Length: 2833 words (8.1 double-spaced pages)
- - - - - - - - - - - - - - - - - - - - - - - - - - - - - - - - - -
What was Prohibition Introduced? In the 1920's American politics was dominated by democracy and the idea of isolationism to keep America prosperous was incredibly apparent. However in 1919, President Wilson passed the 18th Amendment to the American Constitution prohibiting the manufacture, distribution and consumption of alcoholic drinks (any drink containing over 0.5% alcohol).
Prohibition was not just a novel American idea, at the turn of the Twentieth Century, other countries were also experimenting with limiting or totally banning the production, distribution and consumption of alcoholic drinks the primary origins can be found all over the world. However, to find the origins for the American Prohibition we must look back to rural America in the Nineteenth Century.
Wilson was also pressured into passing the Prohibition Act by the powerful temperance movement during the Great War, claiming that alcohol was unpatriotic as it was made by American's from German descent. Even though he tried to veto the amendment, he was overturned by Congress and reluctantly passed the legislation.
The law itself was amazingly ambitious as alcohol was the seventh largest industry in a nation which was ruled by "big business" and was an established and respected as part of the businesses which provided the wealth of America.
Although the technical reason as to why the Prohibition Law was passed was because 66% of the Constitution voted for it, one of the main reasons why Prohibition happened was because of its mass support. By 1920, thirty-three out of forty-eight states had passed Prohibition laws, making approximately 63% of the total population of America 'dry'.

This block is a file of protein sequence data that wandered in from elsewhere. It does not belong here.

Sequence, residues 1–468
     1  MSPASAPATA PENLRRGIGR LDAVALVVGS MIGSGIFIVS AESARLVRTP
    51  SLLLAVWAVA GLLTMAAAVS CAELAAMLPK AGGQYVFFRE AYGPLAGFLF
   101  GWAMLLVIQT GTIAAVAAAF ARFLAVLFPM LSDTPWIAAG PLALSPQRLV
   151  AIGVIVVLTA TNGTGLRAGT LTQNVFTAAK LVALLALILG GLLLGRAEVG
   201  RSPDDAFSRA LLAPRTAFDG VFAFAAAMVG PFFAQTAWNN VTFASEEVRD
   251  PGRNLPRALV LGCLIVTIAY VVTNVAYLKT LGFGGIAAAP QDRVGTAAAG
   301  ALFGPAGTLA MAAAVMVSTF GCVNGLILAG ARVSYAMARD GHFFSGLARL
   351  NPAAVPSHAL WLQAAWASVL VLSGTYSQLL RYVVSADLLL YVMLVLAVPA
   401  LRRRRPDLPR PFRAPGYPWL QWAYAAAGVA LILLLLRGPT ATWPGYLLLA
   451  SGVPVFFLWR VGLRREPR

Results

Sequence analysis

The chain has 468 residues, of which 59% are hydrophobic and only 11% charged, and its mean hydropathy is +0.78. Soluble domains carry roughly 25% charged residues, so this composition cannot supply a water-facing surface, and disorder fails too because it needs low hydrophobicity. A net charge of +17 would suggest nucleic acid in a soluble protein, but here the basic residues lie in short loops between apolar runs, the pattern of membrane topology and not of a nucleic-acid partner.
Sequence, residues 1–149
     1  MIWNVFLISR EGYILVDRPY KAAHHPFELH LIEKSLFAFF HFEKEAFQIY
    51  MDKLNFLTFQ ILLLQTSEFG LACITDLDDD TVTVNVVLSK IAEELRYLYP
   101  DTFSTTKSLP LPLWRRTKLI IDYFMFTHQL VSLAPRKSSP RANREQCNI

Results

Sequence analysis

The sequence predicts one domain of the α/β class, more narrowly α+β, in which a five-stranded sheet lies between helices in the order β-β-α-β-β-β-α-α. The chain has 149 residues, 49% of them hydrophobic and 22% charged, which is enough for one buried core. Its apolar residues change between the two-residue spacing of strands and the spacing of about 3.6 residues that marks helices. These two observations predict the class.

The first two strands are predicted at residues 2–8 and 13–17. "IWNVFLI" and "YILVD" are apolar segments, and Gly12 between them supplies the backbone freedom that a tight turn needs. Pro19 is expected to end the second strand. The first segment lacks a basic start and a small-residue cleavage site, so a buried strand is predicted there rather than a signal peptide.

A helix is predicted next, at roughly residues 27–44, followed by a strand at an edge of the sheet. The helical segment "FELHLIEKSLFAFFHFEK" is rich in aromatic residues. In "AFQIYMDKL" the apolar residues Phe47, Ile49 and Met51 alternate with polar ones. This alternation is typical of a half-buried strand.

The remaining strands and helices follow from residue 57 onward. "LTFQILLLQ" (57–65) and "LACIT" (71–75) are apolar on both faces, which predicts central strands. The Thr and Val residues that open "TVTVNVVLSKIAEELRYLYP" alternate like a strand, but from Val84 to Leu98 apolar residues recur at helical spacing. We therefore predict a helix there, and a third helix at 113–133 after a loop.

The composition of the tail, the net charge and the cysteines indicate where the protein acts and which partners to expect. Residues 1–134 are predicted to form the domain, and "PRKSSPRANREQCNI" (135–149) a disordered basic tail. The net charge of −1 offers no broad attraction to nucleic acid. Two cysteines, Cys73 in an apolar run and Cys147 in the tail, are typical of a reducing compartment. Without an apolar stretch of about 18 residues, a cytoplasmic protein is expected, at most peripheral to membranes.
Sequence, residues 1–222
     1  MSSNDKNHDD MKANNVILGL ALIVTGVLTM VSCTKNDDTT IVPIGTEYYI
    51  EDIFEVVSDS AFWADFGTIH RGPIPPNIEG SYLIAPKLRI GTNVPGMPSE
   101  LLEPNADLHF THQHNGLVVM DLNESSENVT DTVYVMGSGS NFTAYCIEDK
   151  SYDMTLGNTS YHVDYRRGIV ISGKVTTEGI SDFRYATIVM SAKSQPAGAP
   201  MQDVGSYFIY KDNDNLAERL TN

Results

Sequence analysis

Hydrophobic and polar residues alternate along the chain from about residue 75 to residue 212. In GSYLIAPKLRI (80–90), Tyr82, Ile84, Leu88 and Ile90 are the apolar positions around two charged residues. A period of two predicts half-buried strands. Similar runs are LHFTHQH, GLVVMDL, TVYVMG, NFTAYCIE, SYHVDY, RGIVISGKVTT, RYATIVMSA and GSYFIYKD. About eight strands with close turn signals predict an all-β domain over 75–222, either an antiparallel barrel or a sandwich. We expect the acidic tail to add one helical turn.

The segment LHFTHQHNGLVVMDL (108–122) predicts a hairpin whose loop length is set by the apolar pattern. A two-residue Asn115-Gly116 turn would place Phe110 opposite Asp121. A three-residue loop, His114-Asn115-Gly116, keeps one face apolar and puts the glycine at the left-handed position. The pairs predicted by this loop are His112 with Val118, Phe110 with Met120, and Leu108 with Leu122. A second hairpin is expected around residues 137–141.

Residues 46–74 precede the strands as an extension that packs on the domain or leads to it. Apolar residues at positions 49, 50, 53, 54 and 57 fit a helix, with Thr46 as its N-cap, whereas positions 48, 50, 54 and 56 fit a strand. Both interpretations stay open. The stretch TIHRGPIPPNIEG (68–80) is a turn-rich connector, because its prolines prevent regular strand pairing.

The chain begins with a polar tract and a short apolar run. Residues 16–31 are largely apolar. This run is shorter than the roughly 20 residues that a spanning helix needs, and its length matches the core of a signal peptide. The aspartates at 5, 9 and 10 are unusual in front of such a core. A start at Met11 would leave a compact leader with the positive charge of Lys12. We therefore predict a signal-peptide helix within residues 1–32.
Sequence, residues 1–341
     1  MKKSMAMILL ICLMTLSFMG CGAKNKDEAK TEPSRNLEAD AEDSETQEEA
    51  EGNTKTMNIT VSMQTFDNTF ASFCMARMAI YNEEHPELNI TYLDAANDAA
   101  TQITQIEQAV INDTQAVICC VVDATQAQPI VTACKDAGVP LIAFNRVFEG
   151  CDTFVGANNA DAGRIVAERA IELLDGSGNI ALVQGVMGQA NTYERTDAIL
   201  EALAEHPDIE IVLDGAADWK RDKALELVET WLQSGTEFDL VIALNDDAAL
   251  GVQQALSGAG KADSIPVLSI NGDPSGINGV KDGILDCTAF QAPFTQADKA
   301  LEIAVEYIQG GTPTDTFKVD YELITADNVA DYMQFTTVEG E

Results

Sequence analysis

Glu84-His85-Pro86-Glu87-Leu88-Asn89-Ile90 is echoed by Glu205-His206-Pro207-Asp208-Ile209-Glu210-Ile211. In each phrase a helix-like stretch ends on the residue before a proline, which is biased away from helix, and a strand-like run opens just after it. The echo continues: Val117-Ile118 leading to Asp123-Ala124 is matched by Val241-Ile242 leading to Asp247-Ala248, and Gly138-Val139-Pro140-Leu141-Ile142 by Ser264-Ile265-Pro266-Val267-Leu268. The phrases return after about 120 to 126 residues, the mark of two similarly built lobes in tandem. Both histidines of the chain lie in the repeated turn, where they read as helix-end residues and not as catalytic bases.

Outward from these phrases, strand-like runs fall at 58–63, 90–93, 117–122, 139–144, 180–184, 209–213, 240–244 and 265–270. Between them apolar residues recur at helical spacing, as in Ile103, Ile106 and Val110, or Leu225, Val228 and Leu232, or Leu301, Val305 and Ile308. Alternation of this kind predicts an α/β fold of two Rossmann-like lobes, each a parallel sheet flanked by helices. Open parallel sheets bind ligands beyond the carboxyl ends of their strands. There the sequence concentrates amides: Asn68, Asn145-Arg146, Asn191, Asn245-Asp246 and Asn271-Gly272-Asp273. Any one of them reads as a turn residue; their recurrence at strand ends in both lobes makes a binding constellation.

The main support for Prohibition came from moral crusaders in the South who were very anti-urbanisation like the American Society for the Promotion of Temperance in Boston and the Washington Temperance Society, whose groups grew in number between the 1820's and the 1840's. These groups campaigned against the effects of drinking liquor. Often this excessive drinking was blamed on the industrialisation of the rural areas in many counties as a result of social and economic change at this time. There were some protesters like the Irish Catholics who apparently were against prohibition because of their love of gin (!) as well as the congressmen of Massachusetts who famously said that, "the better the county the higher the alcohol content". Still this was the beginning of the battle where it appeared that it was a case of "cornbelt over conveyor belt".